On some level, everybody knows movie trailers are lying to them. They're specifically designed to get audiences excited about a movie, so they often showcase the best, most exciting sections of the film they're promoting. Of course, the finished film also includes scenes that are less incredible, so a lot of bad movies with epic trailers can feel like a bit of a let down.
While some movie trailers trick you by rearranging the order of scenes to make the plot seem different, others are out and out faked. When the final movie comes out, audiences realize there are missing trailer scenes that apparently never made it into the finished product.
There are dozens of examples of trailer scenes not in movies, and it can sometimes feel like audiences are being manipulated. The Marvel Cinematic Universe is notorious for these types of trailers, but they're far from the only offenders.
2015's Fantastic Four is a universally derided film that few people enjoyed watching. That said, the trailer has a couple scenes that suggest the movie could have been dark, moody, and potentially exciting. Unfortunately, something like 12 scenes from that trailer never made it into the final product, probably as a result of the film's extensive reshoots.
Many of the missing scenes are relatively insignificant, but they feature important character implications hinting at a truly competent film. For example, Johnny Storm never says "flame on" in the film, and he doesn't actually check on the countless dead left by Dr. Doom. Similarly, Sue Storm misses out on a scene where she cradles her lifeless brother in her arms. There's also an extended look at Ben Grimm's backstory and life as a baseball player. Instead, viewers get nothing but bland action and unmotivated characters.
After Matthew Broderick's horrific Godzilla film back in 1998, early trailers seemed to indicate the 2014 Godzilla film was a thrilling return to form. It boasts gorgeous visuals, lots of action, and a healthy dose of Bryan Cranston.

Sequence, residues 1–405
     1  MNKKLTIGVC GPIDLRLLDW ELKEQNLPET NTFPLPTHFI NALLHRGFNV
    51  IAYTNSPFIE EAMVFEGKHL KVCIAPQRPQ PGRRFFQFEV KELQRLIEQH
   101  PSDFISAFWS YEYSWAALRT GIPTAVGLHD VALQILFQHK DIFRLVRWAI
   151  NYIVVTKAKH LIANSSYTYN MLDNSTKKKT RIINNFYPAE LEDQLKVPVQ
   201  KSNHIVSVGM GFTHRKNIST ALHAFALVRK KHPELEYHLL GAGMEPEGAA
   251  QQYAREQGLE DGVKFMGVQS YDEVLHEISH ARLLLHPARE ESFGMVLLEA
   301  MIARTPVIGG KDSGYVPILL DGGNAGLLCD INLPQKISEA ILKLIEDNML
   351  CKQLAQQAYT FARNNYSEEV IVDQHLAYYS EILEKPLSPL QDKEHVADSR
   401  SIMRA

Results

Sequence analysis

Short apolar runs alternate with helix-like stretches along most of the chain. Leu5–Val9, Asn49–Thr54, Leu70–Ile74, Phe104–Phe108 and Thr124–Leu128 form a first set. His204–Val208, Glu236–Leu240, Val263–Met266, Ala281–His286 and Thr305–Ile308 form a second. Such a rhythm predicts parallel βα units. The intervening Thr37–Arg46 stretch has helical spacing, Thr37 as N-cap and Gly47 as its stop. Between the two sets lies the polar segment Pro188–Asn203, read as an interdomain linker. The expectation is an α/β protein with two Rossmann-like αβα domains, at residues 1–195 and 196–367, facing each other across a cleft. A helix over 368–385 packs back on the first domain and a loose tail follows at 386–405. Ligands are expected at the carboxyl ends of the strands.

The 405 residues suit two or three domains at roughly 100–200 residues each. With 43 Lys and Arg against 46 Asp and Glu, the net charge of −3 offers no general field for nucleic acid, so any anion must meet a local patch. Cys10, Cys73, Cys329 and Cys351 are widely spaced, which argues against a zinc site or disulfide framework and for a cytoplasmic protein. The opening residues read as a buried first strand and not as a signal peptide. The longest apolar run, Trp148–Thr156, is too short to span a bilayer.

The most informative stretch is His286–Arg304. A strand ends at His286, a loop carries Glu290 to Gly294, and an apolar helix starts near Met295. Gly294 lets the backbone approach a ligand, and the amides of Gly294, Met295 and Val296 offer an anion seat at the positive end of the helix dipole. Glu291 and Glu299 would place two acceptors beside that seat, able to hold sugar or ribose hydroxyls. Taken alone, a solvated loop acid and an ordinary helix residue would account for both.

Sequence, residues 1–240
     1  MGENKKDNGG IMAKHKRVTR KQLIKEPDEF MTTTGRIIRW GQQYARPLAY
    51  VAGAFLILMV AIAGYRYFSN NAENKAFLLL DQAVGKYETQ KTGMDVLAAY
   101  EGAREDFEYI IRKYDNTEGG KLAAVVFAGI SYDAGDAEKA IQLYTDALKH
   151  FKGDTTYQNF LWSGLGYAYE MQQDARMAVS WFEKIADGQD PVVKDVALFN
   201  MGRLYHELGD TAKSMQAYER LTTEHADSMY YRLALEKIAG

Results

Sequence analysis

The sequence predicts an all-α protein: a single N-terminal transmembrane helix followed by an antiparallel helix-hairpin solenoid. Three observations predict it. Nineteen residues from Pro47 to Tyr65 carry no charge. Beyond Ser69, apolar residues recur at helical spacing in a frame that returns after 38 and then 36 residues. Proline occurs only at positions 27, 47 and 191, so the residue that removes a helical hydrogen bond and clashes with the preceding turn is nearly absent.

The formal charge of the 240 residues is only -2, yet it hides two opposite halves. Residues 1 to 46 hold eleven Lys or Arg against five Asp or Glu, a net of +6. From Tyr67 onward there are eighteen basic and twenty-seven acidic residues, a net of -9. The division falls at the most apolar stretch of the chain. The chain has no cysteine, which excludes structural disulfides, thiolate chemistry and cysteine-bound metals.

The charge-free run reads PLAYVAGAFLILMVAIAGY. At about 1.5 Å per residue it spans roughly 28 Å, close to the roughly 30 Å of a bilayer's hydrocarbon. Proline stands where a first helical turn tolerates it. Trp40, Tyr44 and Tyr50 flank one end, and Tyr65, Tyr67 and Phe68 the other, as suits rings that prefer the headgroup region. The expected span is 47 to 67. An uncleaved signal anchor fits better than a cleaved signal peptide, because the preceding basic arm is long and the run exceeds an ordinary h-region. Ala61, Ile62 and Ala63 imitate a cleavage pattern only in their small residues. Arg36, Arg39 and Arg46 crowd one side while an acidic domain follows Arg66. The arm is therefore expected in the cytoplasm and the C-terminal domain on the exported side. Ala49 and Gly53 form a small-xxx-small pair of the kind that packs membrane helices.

Cranston was riding high after all his success in Breaking Bad, and audiences were excited he'd be in the new monster movie. Though he is in the film somewhat, Cranston's character is pretty much dead before the end of the first act, and audiences realized the trailers had misled them pretty thoroughly.
The marketing for Alien: Covenant included filming several scenes not featured in the final film. Some were understandable, like the standalone "prologue" called The Crossing which attempts to tie the events of Prometheus to Covenant. However, other trailers contain entire sequences that certainly seem like they'd make it into the final film, but were cut in their entirety.
Specifically, the trailer titled "She Won't Go Quietly" gave the impression that the Xenomorph would spend extended time on the ship terrorizing the crew. In reality, the majority of the film takes place on some random planet. There is certainly a bit of onboard action with the alien, but it's extremely different from the trailer.
Star Wars fans were understandably excited about the possibility of the franchise's first true spin-off film. Before 2016's Rogue One, every Star Wars movie came with a number and a continuation of the Skywalker saga. Rogue One promised to be a grittier, more compact story about the non-magical citizens of a galaxy far, far away. It also helped the trailer was epic.
But by the time film released, a troubled production shoot resulted in the removal of dozens of epic shots from the trailer including what would have arguably been Jyn Erso's best line, "This is a rebellion isn't it? I rebel."
The majority of cuts were thrilling action set pieces that hinted at Gareth Edwards's desire to turn Rogue One into a Star Wars-themed Saving Private Ryan. Orson Krennic fights on the beach, Jyn Erso squares off against a TIE fighter atop a tower, and way, way more soldiers get blown up. The final version isn't bad, but it's definitely been sanitized.